IOBE survey shows Greece’s companies holding up well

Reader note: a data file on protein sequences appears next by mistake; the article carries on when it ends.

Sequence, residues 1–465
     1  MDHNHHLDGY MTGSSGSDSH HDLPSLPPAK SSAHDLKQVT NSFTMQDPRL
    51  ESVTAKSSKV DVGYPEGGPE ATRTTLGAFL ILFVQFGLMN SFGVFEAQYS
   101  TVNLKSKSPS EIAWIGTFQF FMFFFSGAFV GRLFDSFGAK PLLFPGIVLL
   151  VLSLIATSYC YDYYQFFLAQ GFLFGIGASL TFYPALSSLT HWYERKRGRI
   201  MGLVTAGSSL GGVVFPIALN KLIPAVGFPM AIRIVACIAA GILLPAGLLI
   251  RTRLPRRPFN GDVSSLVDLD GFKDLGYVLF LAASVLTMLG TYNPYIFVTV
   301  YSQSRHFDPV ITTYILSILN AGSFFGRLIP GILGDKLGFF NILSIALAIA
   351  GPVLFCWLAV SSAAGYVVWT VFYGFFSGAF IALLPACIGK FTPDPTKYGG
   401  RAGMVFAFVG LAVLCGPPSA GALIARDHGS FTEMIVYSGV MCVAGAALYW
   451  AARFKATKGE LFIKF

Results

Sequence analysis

While the majority of companies in the eurozone were gripped by gloom in the runup to the war in Iraq, Greek businesses, in contrast, showed remarkable resilience, a survey by the Foundation for Economic and Industrial Research (IOBE) indicated. The index of business sentiments in March stood at 101.2, little changed from a reading of 101.4 in the previous month, the think tank said. This was in line with last year’s average reading of 101.9. The forward-looking indicator measures businesses expectations in the coming months. The eurozone index, in comparison, dipped to 97.8 from 98.2 in March, indicating a general air of pessimism just before the start of the conflict in Iraq. The index for the 15 EU countries contracted to 98 from 98.6. The Greek economy is holding up well amid the general gloom in the eurozone, said National Bank economist Paul Mylonas. «The Greek economy is maintaining its resilience due to positive factors, among them low interest rates, the pickup in the Balkan economies, EU funds and Olympic Games-related investments,» he said. Greece is targeting 3.8 percent growth this year, expected to be the second highest in the eurozone. The European Commission and the Organization for Economic Cooperation and Development recently lowered their growth forecasts for the 12 countries to an anemic 1 percent. The International Monetary Fund is forecasting economic expansion at 1.1 percent. The construction industry continued to outperform other sectors, with the reading jumping to 131.4 in March. The index plummeted to 127.7 in February from 133.8 in the previous month as bad weather put a temporary stop to construction activity. Companies said they expect to take on more workers. The optimism was also based on prices stabilizing after the inflation spike at the beginning of the year. The retail industry posted a reading of 105.8, the highest since June 2002, as retailers said both sales and de-stocking efforts were progressing well. Bolstered by higher real disposable incomes and relatively cheap consumer loans, consumer spending is still growing strongly, although at a slower pace. The manufacturing index was unchanged at 100.5, as businesses fret over high levels of inventory and forecast flat demand. The service sector, which includes tourism and transportation, was the most affected by the uncertainties in the period just before the war in Iraq, with the index deteriorating to 65.4 from 70.1, approaching recent year-lows. The last time sentiments were this gloomy was after September 11 when the index plunged to 78.2 from 116.3 in just three months. Companies cited a lack of demand as reason for their pessimism. However, homegrown problems, such as red tape and the institutional framework, were also seen as problems.